I'm sure you remember that I've put my kids on a screenless summer. This was prompted when Wyatt walked up to me and said "Hey dad, did you know that Nationwide is on your side?" He then sang the jingle four times during breakfast. I don't let the kids watch or play anything on a screen, unless I am tired or annoyed with them or they ask me or Cara is home. She lets those kids watch screens all day, mostly so she can watch "Spy Brothers," which is what Wyatt calls "Psych."

   One of the things that Wyatt has picked up from Cara, apart from a general disdain for laundry, is a love of Chip and Joanna Gaines and their little show: Fixer Upper.

Link is preparing for our eventual trip to Texas, where we meet Chip and Joanna Gaines

   We went to bed one night, and Wyatt says "Hey gad. We should turn half of the garage into a library, and move some things to make more space in the halls." It was really great advice, actually. Cara and I could use more library space since we read so many books on our kindles (these don't count as screens), and the hall has been tougher to walk through ever since I put on weight. Wy is curious about every wall. "Is that a load bearing wall? We can just knock that out and create some great space and add some light in there," he says to any store worker he can find. He usually follows this by asking "Hey gad what's load bearing mean?"

   He wants to go and meet them ALL the TIME. He is always asking "Are we in tex-ess now?" He even wants to change his name to Wyatt ChipandJoannaGaines Conrad, which, yeah. I'm on it. He really wants to play with their kids, because he views their kids as potential friends. There's nothing he likes more than friends. Except for maybe Chip. Wyatt always says "Dad you're funny like Chip," which surprises me because I wouldn't think Wy would understand Chip's subtle, nuanced humor. He's so used to my jokes, which usually involve a finger being pulled.


   Here's the thing about Chipstopher Thomas Gaines, which is his full name I think: Dads identify with him. Us dads all see ourselves as funny, passably handsome, able to charm our wives with boyish antics, and from Waco, Texas (pronounced: Wacko. Most people get this wrong.) I personally identify more with Paul Rudd, however. Sometimes I watch that guy and think "That could've been me." Other times I watch him and think "You look just like that guy from Ant Man."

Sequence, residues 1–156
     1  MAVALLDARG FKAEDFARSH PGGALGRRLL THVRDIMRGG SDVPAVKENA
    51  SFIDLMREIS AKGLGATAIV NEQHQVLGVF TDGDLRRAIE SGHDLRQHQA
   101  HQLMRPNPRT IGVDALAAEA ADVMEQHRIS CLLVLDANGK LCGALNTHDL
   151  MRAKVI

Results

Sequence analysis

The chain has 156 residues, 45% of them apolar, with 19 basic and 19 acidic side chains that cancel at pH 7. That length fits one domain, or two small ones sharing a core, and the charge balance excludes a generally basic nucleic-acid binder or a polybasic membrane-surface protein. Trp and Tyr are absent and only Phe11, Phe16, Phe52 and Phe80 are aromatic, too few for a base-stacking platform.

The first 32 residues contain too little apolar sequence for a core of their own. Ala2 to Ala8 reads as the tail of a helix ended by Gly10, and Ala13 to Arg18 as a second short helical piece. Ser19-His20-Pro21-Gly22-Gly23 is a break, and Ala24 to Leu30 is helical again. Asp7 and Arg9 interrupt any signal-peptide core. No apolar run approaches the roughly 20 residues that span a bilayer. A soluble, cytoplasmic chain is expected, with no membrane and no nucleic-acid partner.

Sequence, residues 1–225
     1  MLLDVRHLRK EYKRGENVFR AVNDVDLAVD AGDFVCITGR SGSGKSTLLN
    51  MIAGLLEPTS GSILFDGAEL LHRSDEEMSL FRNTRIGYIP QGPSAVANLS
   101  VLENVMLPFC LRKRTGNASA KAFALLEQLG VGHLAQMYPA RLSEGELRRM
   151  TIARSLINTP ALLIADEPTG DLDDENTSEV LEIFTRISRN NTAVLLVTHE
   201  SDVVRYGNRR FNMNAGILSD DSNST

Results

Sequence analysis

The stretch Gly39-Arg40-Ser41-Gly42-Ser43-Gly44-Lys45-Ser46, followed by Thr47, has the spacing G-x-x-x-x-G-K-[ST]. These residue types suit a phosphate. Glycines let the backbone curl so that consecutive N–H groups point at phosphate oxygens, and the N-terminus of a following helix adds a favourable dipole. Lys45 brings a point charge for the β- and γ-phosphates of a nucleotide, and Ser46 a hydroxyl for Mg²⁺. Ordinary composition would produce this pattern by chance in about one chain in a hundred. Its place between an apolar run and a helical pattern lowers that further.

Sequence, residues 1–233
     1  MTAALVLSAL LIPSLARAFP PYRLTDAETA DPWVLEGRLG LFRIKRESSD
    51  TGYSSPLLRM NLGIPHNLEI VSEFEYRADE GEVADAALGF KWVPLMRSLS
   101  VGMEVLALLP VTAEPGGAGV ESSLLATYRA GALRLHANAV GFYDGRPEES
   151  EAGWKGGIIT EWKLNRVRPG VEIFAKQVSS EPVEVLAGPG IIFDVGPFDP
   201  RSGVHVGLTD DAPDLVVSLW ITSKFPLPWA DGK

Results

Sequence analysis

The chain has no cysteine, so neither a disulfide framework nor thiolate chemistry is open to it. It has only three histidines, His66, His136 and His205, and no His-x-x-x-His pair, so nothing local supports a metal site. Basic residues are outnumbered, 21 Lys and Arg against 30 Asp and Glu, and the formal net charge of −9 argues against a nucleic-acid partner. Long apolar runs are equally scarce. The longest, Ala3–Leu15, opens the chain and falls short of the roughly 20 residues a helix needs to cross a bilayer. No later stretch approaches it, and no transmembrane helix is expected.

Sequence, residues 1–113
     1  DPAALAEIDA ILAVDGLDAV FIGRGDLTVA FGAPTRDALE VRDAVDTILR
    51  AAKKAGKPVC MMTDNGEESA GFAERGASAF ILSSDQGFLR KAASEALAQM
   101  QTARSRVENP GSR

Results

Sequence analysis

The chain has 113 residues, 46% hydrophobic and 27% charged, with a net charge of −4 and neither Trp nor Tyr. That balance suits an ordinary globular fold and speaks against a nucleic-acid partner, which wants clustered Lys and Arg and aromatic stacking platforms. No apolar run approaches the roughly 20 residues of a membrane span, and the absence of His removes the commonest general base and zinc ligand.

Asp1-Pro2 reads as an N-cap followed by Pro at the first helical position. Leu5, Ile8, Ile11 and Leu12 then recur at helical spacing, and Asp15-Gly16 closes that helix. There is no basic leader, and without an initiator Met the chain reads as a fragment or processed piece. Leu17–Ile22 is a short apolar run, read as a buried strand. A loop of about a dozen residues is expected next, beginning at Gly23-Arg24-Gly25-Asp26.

It's sure cute the way Wyatt fixates on them. Everyone knows that people can't just become friends with TV stars. Even wanting to become friends and trying to make it happen is silly, because it just can't. It doesn't matter HOW perfectly your families would get along - which we totally would - it's just a silly dream that has way too many logistical hurdles to overcome. Like, where would we stay when we went out to visit our friends the Gaines's? Certainly not with them, because that would be weird OF THEM to have some internet strangers whose kid and also mom adore them stay at their house before they met (not weird of us), but I guess that wouldn't actually be a problem because my best friend from childhood just moved to Wacko while his little sister plays soccer at Baylor (Wow, that came together nicely)

This was taken shortly after we said "Hey Wyatt, pretend like you are saying hi to an acquaintance that you don't really like, but have to spend a lot of time with." We were surprised he knew what "acquaintance" meant.

   And, like, what would we do when we got together? At first it'd be awkward hanging out with famous people, but I'd reassure Joanna that most of my page views are from some bots that I set up and my daunting 80 hits per post isn't genuine, so I think she'd relax. (Could this really work?) Then I supposed I'd have to turn my charm up to 11, but it's been done before. Finally, Wyatt would pull some antics, like my personal favorite: He walks up to his baby brother who can't talk and asks him a question. Link responds with some sort of grunt. Wyatt gets in his face and says "Lincoln are you lying to me?!" It's gold. Jo will love it.

   And we wouldn't need to be on the show or anything, because who wants a handsome, funny sidekick mucking things up on a reality show, amirite? No, we'd probably just chat and laugh and enjoy each other's company while our kids play and Chip and I leg wrestle. Then when they come out to Oregon to visit us, we'd patiently tell Joanna "My sister is an interior designer who has done the same church 4 times so we don't need your accent wall even though that's a pretty good idea" while showing them the fireplace insert that we did or how handy my son was at the age of 15 months. J-Anne will love it. (This is perfect! I'll check the calendar).

Cara chalked the word "Love" herself. She did it on her birthday, what was a little uncomfortable for those of us that had to watch her work on it during the party.
   (Did you note how I added a drawer to the fireplace mantle? I call it an open-faced drawer, where I stack Wyatt's clothes on it as I am doing the laundry, and then don't actually take it to his room ever. It got to the point where I would be dressing Wyatt in his room, and we'd go out to the fireplace to find a shirt. You're welcome, Mrs. Gaines.)

   Ok, fine, Chip, you drive a hard bargain. We'll come deliver the one paper airplane my son had me make to your 9 kids or however many you have, so they can take turns flying it. We'll hang out and become best friends and you'll come to Eugene to watch Duck Football games with me. On TV, I mean, not at the stadium. That's not free. Actually, we'll probably on my iPad because we don't get cable (Which reminds me: Can you fill me in on what's happened lately on the show? Netflix doesn't go beyond season 2). Like, you can have the game on your iPad and I'll watch it on mine. The wives can go and do wifey things, but mine usually works Saturdays so I'll try to find an iPad for JoJo. Don't bring the kids because I seriously don't have enough iPads for everyone. Looking forward to our future friendship.

Wyatt's mood: excited to go to Texas and make friends, which I've promised him is bound to happen so don't let him down.
Link's mood: wants to get on the counter. Always. It's all he wants.
My mood: excited to make friends and possibly get discovered but it's not like that's my goal or anything
Cara's mood: avoiding laundry and trying to track down more iPads
Listening to: Green Day